Re-wiring to get rid of active pre-amp

Discussion in 'Pickups & Electronics [BG]' started by Not The Norm, Jun 27, 2005.

  1. Not The Norm

    Not The Norm

    Jun 27, 2005
    This is my first post on the talkbass site, so....howdy.

    I have a bit of a question regarding my Fender MIM Deluxe Zone. It is a PJ bass, with an active onboard pre-amp. It also has a five knob layout with a master volume, pan, bass, mid, and treble.

    I just replaced the stock pickups with active EMG-PJ's. But now combining the active p/u's with the active pre-amp, it is way too hot. So bad that I wouldn't play it at our gig this weekend. Too much finger noise, too harsh, etc, etc, etc.

    So, I would like to replace the onboard electronics. But the control set that came with the EMG's was a volume-volume-tone setup. I would like to keep the stock configuration on my bass volume-pan-bass-mid-treb.

    I can't imagine this would be very hard, but I cannot find any sources on-line to guide me along. Any ideas on sources? Any diagrams? What value for capacitors for the tone controls? Wouldn't everything be wired in parallel just like the harness that came with the p/u's?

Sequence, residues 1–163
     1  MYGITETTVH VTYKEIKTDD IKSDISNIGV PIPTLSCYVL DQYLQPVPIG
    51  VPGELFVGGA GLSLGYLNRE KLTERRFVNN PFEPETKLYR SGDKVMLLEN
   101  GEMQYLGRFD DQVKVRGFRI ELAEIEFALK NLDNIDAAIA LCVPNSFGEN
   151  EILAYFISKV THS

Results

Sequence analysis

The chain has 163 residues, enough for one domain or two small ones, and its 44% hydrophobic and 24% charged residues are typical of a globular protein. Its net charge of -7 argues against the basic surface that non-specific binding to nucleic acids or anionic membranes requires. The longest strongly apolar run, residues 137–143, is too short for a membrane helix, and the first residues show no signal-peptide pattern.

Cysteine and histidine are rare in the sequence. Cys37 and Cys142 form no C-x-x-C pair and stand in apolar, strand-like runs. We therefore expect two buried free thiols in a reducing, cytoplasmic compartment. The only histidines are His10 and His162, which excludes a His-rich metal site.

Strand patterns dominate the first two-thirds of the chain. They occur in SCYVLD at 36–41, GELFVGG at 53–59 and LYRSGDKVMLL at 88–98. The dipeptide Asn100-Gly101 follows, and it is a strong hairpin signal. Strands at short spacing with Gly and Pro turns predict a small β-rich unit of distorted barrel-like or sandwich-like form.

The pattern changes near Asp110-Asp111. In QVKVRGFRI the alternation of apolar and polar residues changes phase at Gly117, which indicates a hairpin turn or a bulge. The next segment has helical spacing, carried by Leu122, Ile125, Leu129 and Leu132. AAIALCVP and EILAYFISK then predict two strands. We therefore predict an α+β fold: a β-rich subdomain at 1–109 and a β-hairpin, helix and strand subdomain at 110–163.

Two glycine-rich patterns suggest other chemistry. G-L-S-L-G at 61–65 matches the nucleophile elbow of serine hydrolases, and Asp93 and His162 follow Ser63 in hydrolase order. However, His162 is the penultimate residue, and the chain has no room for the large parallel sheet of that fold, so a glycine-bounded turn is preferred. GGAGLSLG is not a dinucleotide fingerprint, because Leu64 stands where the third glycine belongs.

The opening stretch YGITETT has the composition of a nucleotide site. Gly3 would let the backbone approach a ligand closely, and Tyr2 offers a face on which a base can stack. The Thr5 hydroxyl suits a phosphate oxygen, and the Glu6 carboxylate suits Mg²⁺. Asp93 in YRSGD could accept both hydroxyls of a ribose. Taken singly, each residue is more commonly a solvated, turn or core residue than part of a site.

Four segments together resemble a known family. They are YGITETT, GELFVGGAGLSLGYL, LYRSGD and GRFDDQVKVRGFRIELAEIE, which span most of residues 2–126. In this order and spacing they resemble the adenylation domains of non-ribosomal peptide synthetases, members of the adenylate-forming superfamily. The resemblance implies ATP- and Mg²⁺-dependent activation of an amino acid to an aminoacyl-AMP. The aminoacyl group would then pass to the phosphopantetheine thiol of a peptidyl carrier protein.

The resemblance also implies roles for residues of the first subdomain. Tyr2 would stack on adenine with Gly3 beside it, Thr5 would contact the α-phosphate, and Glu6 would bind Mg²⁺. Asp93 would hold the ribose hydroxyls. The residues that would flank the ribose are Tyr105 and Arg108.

Also, where should I get my supplies? Do I need to go to a music store or can I just head on down to Radio Shack?

    Thanks for your help!
  2. luknfur


    Jan 14, 2004

    If you're using the stock Fender pots (probably 250K) with those pups - there's probably your source. You might be able to just change the volume to 25k and get by, don't know but they're cheap, easy to replace. Seems I used the standard Bart and Aggie 3 bands as outboards with EMG's so probably just changing the volume would suffice. You've got the stock harness, pull one volume control and replace the stock volume and see what it does.